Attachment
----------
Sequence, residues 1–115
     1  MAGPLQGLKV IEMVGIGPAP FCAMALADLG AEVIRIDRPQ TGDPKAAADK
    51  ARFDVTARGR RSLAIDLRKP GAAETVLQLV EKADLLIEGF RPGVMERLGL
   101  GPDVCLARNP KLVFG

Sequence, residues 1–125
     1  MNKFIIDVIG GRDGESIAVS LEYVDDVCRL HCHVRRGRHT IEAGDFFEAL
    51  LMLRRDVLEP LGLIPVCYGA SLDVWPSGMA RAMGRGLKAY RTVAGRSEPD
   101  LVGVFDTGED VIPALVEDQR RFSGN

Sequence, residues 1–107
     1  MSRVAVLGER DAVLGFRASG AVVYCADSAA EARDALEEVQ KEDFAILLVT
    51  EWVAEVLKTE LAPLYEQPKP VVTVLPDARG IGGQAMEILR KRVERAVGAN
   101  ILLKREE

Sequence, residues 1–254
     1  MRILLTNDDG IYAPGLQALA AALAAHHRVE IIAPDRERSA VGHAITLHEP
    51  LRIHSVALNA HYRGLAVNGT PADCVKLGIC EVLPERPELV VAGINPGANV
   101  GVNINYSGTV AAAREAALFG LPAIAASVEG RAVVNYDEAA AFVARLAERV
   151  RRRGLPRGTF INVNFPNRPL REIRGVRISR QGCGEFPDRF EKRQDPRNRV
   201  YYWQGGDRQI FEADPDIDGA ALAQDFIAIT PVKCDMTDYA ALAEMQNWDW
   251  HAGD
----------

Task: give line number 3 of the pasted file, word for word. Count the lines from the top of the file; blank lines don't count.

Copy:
    51  ARFDVTARGR RSLAIDLRKP GAAETVLQLV EKADLLIEGF RPGVMERLGL